Journal of Molecular Medicine

, Volume 86, Issue 8, pp 875–886 | Cite as

Deconstructing human embryonic stem cell cultures: niche regulation of self-renewal and pluripotency

  • Morag H. Stewart
  • Sean C. Bendall
  • Mickie Bhatia
Review

Abstract

The factors and signaling pathways controlling pluripotent human cell properties, both embryonic and induced, have not been fully investigated. Failure to account for functional heterogeneity within human embryonic stem cell (hESC) cultures has led to inconclusive results in previous work examining extrinsic influences governing hESC fate (self renewal vs. differentiation vs. death). Here, we attempt to reconcile these inconsistencies with recent reports demonstrating that an autologously produced in vitro niche regulates hESCs. Moreover, we focus on the reciprocal paracrine signals within the in vitro hESC niche allowing for the maintenance and/or expansion of the hESC colony-initiating cell (CIC). Based on this, it is clear that separation of hESC-CICs, apart from their differentiated derivatives, will be essential in future studies involving their molecular regulation. Understanding how extrinsic factors control hESC self-renewal and differentiation will allow us to culture and differentiate these pluripotent cells with higher efficiency. This knowledge will be essential for clinical applications using human pluripotent cells in regenerative medicine.

Keywords

Human embryonic stem cells Niche Differentiation Self-renewal Pluripotency Signaling 

References

  1. 1.
    Thomson JA, Itskovitz-Eldor J, Shapiro SS, Waknitz MA, Swiergiel JJ, Marshall VS, Jones JM (1998) Embryonic stem cell lines derived from human blastocysts. Science 282:1145–1147PubMedCrossRefGoogle Scholar
  2. 2.
    Reubinoff BE, Pera MF, Fong CY, Trounson A, Bongso A (2000) Embryonic stem cell lines from human blastocysts: somatic differentiation in vitro. Nat Biotechnol 18:399–404PubMedCrossRefGoogle Scholar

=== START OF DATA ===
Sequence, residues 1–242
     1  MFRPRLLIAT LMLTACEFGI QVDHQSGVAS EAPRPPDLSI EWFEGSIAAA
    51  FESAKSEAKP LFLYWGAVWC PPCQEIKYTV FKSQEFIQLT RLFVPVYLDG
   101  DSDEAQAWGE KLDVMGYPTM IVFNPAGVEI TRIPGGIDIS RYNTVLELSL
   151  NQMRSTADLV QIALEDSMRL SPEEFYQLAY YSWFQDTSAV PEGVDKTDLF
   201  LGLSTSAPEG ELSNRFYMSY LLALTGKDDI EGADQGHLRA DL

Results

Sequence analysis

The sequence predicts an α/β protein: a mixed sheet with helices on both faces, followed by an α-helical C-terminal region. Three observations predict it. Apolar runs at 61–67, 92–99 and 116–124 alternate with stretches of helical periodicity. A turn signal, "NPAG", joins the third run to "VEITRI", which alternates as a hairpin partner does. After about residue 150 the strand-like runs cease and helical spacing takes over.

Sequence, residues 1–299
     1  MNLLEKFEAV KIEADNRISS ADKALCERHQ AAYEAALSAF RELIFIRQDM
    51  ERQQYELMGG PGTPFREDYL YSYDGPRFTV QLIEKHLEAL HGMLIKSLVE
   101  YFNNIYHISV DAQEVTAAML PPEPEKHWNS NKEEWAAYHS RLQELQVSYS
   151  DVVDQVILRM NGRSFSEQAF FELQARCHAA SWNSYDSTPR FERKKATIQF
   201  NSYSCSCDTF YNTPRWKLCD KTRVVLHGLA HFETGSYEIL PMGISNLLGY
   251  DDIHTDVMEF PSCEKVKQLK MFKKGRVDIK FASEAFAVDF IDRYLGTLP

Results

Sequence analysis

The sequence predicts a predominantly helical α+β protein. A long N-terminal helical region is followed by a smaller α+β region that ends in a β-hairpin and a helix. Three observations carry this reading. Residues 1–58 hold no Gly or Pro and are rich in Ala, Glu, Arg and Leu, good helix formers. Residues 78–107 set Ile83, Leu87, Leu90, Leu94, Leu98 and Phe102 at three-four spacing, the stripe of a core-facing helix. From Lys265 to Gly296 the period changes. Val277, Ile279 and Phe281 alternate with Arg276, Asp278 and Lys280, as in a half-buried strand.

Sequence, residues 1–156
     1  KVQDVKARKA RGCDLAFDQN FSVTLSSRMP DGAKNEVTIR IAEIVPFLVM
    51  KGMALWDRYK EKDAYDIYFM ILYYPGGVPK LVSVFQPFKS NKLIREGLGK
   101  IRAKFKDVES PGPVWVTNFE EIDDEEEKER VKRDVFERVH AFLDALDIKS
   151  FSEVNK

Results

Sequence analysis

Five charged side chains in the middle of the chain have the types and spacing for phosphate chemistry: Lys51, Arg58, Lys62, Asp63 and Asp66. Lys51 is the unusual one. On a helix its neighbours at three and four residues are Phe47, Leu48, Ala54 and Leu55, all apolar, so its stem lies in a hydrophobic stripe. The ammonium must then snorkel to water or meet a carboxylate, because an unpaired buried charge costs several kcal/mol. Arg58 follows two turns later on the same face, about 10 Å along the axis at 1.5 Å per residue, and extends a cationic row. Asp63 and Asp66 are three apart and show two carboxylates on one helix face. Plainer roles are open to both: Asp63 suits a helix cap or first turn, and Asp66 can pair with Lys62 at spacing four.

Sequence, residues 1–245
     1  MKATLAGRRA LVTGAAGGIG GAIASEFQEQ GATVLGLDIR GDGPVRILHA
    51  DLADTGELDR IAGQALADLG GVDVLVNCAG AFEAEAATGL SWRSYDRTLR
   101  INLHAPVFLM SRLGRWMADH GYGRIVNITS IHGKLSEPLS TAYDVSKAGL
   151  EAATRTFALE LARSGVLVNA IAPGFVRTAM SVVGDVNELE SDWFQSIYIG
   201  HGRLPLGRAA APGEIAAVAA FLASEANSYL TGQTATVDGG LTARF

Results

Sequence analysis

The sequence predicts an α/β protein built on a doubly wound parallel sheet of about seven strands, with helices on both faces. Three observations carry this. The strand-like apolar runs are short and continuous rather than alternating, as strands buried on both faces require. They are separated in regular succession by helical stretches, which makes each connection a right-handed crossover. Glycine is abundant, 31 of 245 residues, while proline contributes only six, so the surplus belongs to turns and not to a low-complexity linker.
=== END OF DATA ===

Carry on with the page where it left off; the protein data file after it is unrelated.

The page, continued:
3. 3.
    Amit M, Carpenter MK, Inokuma MS, Chiu CP, Harris CP, Waknitz MA, Itskovitz-Eldor J, Thomson JA (2000) Clonally derived human embryonic stem cell lines maintain pluripotency and proliferative potential for prolonged periods of culture. Dev Biol 227:271–278PubMedCrossRefGoogle Scholar
  4. 4.
    Nakagawa M, Koyanagi M, Tanabe K, Takahashi K, Ichisaka T, Aoi T, Okita K, Mochiduki Y, Takizawa N, Yamanaka S (2008) Generation of induced pluripotent stem cells without Myc from mouse and human fibroblasts. Nat Biotechnol 26:101–106PubMedCrossRefGoogle Scholar
  5. 5.
    Park IH, Zhao R, West JA, Yabuuchi A, Huo H, Ince TA, Lerou PH, Lensch MW, Daley GQ (2008) Reprogramming of human somatic cells to pluripotency with defined factors. Nature 451:141–146PubMedCrossRefGoogle Scholar
  6. 6.
    Hanna J, Wernig M, Markoulaki S, Sun CW, Meissner A, Cassady JP, Beard C, Brambrink T, Wu LC, Townes TM, Jaenisch R (2007) Treatment of sickle cell anemia mouse model with iPS cells generated from autologous skin. Science 318:1920–1923PubMedCrossRefGoogle Scholar
  7. 7.
    Yu J, Vodyanik MA, Smuga-Otto K, Antosiewicz-Bourget J, Frane JL, Tian S, Nie J, Jonsdottir GA, Ruotti V, Stewart R, Slukvin II, Thomson JA (2007) Induced pluripotent stem cell lines derived from human somatic cells. Science 318(5858):1917–1920PubMedCrossRefGoogle Scholar
  8. 8.
    Takahashi K, Tanabe K, Ohnuki M, Narita M, Ichisaka T, Tomoda K, Yamanaka S (2007) Induction of pluripotent stem cells from adult human fibroblasts by defined factors. Cell 131(5):861–872PubMedCrossRefGoogle Scholar
  9. 9.
    Chase LG, Firpo MT (2007) Development of serum-free culture systems for human embryonic stem cells. Curr Opin Chem Biol 11:367–372PubMedCrossRefGoogle Scholar
  10. 10.
    Lei T, Jacob S, Ajil-Zaraa I, Dubuisson JB, Irion O, Jaconi M, Feki A (2007) Xeno-free derivation and culture of human embryonic stem cells: current status, problems and challenges. Cell Res 17:682–688PubMedCrossRefGoogle Scholar
  11. 11.
    Skottman H, Narkilahti S, Hovatta O (2007) Challenges and approaches to the culture of pluripotent human embryonic stem cells. Regen Med 2:265–273PubMedCrossRefGoogle Scholar
  12. 12.
    Ludwig TE, Levenstein ME, Jones JM, Berggren WT, Mitchen ER, Frane JL, Crandall LJ, Daigh CA, Conard KR, Piekarczyk MS, Llanas RA, Thomson JA (2006) Derivation of human embryonic stem cells in defined conditions. Nat Biotechnol 24:185–187PubMedCrossRefGoogle Scholar
  13. 13.
    Draper JS, Smith K, Gokhale P, Moore HD, Maltby E, Johnson J, Meisner L, Zwaka TP, Thomson JA, Andrews PW (2004) Recurrent gain of chromosomes 17q and 12 in cultured human embryonic stem cells. Nat Biotechnol 22:53–54PubMedCrossRefGoogle Scholar
  14. 14.
    Xu C, Inokuma MS, Denham J, Golds K, Kundu P, Gold JD, Carpenter MK (2001) Feeder-free growth of undifferentiated human embryonic stem cells. Nat Biotechnol 19:971–974PubMedCrossRefGoogle Scholar
  15. 15.